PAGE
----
• Credit: Marko Georgiev / AP via The Guardian

On the Jersey shore as well as in the shore towns of Long Island, robust sand-dune systems proved their worth when Sandy made landfall. It's a lesson New Jersey has learned — but one that the state is finding hard to apply.

The problem? The U.S. Army Corps of Engineers is willing to build and rebuild beaches and dunes, but they'll only act if every town on the island will cooperate. New Jersey is a home-rule state, where the state government can't dictate land use to the towns. And towns, for their part, have limited power over beachfront homeowners. So the decision comes down to the homeowners, reports the Lehigh Valley Express-Times ("Dunes vs. property rights in post-Sandy New Jersey," by Associated Press).

"The U.S. Army Corps of Engineers won't begin such projects without signed easements from all the affected oceanfront homeowners that give them permission to access the property for the work," reports the paper. "Most coastal homeowners want the government to build dunes and widen beaches near their homes. Yet some still refuse to give permission for the projects to proceed, citing the loss of precious ocean views and fearing governments could build boardwalks or amusement piers near their homes — something officials stress they have no intention of doing."

In an odd twist, homeowners Harvey and Phyllis Karan are suing the town of Harvey Cedars over a dune the town built against their wishes along the shore in front of their house. The Karans are asking for $375,000 as the price for the loss of their view. The town offered them $300, arguing that the dune provided a benefit of protection that balanced out the loss of their ocean vista.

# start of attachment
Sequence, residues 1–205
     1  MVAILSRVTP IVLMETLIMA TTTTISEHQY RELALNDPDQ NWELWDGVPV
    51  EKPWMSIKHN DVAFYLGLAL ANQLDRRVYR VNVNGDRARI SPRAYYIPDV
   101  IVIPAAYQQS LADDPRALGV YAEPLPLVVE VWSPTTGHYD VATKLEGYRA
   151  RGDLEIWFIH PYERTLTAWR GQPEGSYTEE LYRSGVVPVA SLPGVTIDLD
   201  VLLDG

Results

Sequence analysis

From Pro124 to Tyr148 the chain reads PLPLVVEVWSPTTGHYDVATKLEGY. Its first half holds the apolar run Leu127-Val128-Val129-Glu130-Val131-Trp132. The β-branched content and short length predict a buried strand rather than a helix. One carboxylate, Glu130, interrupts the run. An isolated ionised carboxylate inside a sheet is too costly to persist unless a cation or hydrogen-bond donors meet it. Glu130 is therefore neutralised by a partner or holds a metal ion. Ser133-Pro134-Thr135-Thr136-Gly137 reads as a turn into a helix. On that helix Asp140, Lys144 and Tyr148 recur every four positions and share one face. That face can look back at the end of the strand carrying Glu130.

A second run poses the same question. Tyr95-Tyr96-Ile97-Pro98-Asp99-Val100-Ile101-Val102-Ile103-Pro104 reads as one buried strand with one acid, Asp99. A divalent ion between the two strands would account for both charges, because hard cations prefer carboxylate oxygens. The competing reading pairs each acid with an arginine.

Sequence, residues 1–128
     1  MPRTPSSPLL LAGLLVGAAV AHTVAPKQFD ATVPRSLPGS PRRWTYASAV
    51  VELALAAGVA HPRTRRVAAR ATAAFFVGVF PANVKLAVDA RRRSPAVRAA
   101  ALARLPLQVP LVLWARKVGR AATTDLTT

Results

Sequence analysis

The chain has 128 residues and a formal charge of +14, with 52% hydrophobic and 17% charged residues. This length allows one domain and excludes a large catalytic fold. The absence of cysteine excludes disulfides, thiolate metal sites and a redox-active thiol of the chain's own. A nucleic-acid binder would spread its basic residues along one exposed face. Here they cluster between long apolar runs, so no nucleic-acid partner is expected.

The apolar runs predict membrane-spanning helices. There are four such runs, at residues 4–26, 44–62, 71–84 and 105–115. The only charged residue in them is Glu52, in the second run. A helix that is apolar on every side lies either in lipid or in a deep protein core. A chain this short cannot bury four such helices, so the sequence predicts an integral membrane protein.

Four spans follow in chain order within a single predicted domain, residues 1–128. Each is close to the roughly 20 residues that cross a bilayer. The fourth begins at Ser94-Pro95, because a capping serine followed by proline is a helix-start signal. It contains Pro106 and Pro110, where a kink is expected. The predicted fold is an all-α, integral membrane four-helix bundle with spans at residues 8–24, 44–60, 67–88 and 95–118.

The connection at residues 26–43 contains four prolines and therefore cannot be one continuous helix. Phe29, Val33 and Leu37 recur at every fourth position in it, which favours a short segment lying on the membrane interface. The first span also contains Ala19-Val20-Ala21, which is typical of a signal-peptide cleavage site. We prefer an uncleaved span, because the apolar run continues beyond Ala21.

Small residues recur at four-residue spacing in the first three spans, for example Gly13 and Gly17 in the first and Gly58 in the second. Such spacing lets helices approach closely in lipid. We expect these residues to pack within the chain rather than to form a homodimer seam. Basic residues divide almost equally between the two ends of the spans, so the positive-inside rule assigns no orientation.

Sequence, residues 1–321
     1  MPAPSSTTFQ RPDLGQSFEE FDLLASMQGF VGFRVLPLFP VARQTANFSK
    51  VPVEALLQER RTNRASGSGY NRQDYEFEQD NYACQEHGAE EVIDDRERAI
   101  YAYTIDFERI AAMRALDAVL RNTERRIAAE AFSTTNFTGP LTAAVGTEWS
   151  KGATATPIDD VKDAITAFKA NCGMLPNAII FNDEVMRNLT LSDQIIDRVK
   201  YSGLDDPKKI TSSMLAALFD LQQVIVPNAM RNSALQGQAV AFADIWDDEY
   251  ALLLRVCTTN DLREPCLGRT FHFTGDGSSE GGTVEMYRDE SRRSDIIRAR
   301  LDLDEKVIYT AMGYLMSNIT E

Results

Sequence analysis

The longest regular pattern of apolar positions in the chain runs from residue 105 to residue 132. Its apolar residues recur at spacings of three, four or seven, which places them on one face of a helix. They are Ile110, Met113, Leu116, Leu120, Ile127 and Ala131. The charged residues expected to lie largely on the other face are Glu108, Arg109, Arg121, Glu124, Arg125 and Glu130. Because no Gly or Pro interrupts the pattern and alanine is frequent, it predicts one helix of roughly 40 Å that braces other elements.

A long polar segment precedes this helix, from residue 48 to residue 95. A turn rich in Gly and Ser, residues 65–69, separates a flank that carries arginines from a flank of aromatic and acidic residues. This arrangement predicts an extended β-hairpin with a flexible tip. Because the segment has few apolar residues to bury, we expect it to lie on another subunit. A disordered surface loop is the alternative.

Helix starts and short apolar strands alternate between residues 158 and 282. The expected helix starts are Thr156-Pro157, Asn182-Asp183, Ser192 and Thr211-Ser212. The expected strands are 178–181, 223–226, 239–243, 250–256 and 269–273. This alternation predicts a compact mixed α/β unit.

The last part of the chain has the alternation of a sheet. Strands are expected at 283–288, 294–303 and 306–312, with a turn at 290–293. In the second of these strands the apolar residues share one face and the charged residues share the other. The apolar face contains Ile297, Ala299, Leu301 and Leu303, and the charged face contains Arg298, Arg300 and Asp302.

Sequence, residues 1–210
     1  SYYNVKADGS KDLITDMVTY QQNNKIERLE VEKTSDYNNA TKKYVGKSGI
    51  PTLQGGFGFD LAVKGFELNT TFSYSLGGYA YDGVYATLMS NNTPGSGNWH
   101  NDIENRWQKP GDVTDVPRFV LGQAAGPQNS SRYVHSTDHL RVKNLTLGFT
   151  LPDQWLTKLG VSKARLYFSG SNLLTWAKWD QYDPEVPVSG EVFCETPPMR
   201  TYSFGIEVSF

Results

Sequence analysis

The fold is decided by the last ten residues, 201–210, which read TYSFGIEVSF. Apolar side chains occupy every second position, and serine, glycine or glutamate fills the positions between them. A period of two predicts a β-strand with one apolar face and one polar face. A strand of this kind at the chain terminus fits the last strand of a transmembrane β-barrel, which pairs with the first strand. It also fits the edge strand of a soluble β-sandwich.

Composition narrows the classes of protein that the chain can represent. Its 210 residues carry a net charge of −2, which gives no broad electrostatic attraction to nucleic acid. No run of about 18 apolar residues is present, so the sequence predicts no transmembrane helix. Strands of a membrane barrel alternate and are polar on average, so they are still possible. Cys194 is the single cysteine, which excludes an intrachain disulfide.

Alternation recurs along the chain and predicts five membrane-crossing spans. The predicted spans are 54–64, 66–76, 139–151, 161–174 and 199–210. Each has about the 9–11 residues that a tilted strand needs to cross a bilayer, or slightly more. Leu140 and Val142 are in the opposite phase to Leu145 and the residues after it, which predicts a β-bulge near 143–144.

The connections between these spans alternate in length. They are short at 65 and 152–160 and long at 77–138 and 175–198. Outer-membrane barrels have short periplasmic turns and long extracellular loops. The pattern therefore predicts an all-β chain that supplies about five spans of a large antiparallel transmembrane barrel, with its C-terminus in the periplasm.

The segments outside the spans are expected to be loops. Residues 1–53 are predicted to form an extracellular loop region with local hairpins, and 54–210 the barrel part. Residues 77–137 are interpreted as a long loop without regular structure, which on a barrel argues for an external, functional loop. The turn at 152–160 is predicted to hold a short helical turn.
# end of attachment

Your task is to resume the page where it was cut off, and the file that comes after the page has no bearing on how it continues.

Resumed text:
All this was before Sandy struck. In the storm, the dune saved the Karans' home from destruction. But they still want their money too. The New Jersey Supreme Court will hear the case this year. The lower court's decision can be read here ("Borough of Harvey Cedars v. Karan"): A three-judge appeals panel upheld a trial judge's ruling that the benefit of the dune was to everyone, whereas the cost of the lost view was borne only by the Karans; for that reason, the court said, the town owed compensation to the homeowners. If the New Jersey Supreme Court upholds the ruling, the Karans will get their money. But owners up and down the coast will be confirmed in their resistance to allowing dune construction — and so the general benefit, protection for all the homes and businesses on streets further back from the shore, may never become a reality for some towns.